"Will the Commission kindly explain what type of reforms it has in mind, especially with regard to property taxation?
"Under what obligation is the UK to implement these recommendations?"
The answer given by Mr Rehn on behalf of the Commission stated:
"The analysis supporting the second country-specific recommendation proposed by the European Commission in 2012 as part of its assessment of the United Kingdom's national reform programme is mentioned in recital (11) of the respective Council Recommendation1 and detailed in the 2012 Commission Staff Working Document assessing the UK national reform programme2 and in the first in-depth review of the UK economy under the macroeconomic imbalances procedure3.
"The second in-depth review for the UK4 was published on April 10, 2013, updating the analysis contained in the previous documents. The Commission would refer the Honourable Member to these documents, which contain the Commission's views on possible policy action and reforms to improve the functioning of the UK housing market and to address the high levels of UK household debt. In particular, the Honourable Member is referred to the policy challenges section of the second in-depth review (pages 61/62) and to the Country specific recommendations of the 2013 European Semester5 and the respective Staff Working Document. .
"It is in the best interest of the Member State to implement the country-specific recommendations addressed to it in the context of the European Semester. Under the Treaty, the Member States have agreed to coordinate their economic policies at the EU level. In this context, the country-specific recommendations are proposed by the Commission and adopted by the Council after endorsement by the European Council."
17th June 2013: Andrew Brons has received an answer to his further Question for Written Answer to the European Council on a simple definition for the terminology used by the European Agency for Fundamental Rights.
"I refer to your reply of 25 February 2013 to my Written Question E-011371/2012.
"You have not provided a clear definition for each of the words ‘racism’ and ‘xenophobia’, as I requested.
"You state that ‘the framework decision defines offences concerning racism and xenophobia and thus ensures that such behaviour constitutes an offence throughout the EU Member States’.
"Your answer refers only to offences that relate to ‘racism and xenophobia’.
"These terms are referred to often but are meaningless without a definition.
"Xenophobia means fear of strangers – a state of mind. How can you make a state of mind a criminal offence? Racism is sometimes used to mean hatred or incitement to hatred. However, it is often used to refer to words that neither express hatred nor incite it in others. What do you mean by it?
"These words also feature prominently in Council Framework Decision 2008/913/JHA of 28 November 2008 on combating certain forms and expressions of racism and xenophobia by means of criminal law.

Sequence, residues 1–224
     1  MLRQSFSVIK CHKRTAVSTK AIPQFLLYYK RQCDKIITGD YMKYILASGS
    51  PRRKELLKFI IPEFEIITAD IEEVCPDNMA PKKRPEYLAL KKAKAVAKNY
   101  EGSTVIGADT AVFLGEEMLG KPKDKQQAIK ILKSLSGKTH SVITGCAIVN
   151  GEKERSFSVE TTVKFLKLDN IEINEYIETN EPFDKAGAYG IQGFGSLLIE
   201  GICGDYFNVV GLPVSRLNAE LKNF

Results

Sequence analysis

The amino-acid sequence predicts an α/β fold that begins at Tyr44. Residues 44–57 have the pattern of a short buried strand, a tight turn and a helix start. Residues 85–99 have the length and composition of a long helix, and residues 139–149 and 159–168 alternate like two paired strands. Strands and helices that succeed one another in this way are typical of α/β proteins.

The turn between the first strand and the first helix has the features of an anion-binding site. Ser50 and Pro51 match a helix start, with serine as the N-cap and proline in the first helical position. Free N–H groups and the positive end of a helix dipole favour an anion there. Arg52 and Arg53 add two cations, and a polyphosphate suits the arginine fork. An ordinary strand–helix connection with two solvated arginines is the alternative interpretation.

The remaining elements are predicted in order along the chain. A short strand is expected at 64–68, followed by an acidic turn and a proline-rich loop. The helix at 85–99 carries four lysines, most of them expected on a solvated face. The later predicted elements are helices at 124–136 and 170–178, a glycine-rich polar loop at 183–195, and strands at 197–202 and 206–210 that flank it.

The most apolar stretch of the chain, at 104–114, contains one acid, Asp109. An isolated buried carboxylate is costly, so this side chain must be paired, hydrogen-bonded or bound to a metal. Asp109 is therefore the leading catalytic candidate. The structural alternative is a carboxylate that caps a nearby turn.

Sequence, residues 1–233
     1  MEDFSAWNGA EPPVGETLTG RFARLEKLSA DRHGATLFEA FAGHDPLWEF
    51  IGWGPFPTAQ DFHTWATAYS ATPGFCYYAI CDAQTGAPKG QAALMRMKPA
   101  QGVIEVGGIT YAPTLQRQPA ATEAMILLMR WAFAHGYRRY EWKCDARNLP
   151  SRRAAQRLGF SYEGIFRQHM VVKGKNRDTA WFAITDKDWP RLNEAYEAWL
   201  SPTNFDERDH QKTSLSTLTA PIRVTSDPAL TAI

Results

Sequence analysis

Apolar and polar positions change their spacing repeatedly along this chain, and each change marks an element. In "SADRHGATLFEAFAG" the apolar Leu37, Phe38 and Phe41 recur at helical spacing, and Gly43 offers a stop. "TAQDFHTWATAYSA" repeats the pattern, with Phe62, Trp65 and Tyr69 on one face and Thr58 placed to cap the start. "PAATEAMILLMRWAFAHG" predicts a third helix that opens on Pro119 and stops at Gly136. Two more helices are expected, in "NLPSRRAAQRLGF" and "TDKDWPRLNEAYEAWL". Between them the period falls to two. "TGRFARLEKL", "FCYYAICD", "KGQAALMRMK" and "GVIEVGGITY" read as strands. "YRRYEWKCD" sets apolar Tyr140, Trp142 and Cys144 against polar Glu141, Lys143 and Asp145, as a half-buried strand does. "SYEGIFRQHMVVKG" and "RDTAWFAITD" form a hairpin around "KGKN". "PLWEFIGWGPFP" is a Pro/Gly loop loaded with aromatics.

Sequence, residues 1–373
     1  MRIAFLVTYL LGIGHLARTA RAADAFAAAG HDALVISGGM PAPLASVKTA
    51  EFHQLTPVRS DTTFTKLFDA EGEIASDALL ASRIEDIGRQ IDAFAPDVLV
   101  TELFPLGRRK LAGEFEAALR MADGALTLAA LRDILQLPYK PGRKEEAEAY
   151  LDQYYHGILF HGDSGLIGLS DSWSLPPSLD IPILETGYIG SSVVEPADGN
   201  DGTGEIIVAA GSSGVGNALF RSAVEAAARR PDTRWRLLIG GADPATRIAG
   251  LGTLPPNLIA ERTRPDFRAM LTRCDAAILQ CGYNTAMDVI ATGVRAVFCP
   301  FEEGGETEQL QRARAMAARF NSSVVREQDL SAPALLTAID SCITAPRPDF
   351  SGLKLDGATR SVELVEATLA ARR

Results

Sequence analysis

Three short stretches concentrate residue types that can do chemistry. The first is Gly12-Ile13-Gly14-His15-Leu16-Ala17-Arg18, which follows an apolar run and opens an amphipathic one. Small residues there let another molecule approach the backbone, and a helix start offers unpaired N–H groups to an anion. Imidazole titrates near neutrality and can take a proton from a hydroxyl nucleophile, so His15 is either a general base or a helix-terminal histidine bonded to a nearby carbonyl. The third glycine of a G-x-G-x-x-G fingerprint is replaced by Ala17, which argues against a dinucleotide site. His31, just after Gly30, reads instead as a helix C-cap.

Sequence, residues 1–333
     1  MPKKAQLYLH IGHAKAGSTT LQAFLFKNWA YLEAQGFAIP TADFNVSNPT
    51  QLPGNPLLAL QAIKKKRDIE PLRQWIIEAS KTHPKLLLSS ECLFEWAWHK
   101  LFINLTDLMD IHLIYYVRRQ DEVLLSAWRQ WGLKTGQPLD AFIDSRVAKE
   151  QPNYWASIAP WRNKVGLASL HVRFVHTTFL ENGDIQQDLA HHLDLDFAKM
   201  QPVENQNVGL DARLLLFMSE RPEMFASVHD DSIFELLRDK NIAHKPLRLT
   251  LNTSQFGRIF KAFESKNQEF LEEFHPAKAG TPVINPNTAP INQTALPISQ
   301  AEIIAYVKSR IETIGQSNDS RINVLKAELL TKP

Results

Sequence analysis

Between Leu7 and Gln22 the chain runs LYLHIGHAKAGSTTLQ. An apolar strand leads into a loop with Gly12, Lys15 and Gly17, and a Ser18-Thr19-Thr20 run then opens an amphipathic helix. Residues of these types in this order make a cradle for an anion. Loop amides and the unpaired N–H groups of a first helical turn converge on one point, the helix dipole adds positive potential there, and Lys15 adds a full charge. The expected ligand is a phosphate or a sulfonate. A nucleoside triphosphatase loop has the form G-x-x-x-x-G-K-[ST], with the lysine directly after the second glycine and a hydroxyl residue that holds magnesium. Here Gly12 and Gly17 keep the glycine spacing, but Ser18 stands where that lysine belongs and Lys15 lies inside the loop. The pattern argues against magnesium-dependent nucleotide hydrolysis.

"Will you please provide an all-embracing definition of both these terms, so that my constituents will know exactly what is meant whenever the Council refers to these words in its documents?
"If the Council cannot define what it means when it employs these terms, how can the public do so, and how can they constitute criminal offences?
"Are these words deliberately undefined in order to frighten the public and politicians away from discussing immigration or ethnicity?"
The reply from the European Council stated:
"As stated in the Council's reply to the Honourable Member's question E-011371/12, Council Framework Decision 2008/913/JHA of 28 November 2008 on combating certain forms and expressions of racism and xenophobia by means of criminal law defines a common EU-wide criminal law and criminal justice approach to combating racism and xenophobia.
"This Framework Decision defines offences concerning racism and xenophobia and thus ensures that such behaviour constitutes an offence throughout the EU Member States. This serves as a minimum harmonisation of what is understood as such offences of "racism and xenophobia" across the EU.
"The definition of criminal offences concerning racism and xenophobia used in Council Framework Decision 2008/913/JHA extends only to the intentional conduct specified in Article 1 (1)(a)-(d). This is confirmed in recital 6: "This Framework Decision is limited to combating particularly serious forms of racism and xenophobia by means of criminal law".
"Such offences are constituted by the following conduct, when done intentionally: "publicly inciting to violence or hatred directed against a group of persons or a member of such a group defined by reference to race, colour, religion, descent or national or ethnic origin". The same applies to doing so "by public dissemination or distribution of tracts, pictures or other material". This conduct has thus been defined in a clear fashion in accordance with the principle of legal certainty and cannot be said to be undefined or unclear."
29th May 2013: Andrew Brons has received a response to his Question for Written Answer to the European Commission on the European Agency for Fundamental Rights - simple definition.
"I refer to your reply of 14 February 2013 to my Written Question E-011372/2012.
"You have not provided a clear definition for each of the words ‘racism’ and ‘xenophobia’, as I had requested.
"In the footnote to the answer given, you refer to ‘Council Framework Decision 2008/913/JHA of 28 November 2008 on combating certain forms and expressions or racism and xenophobia by means of criminal law’.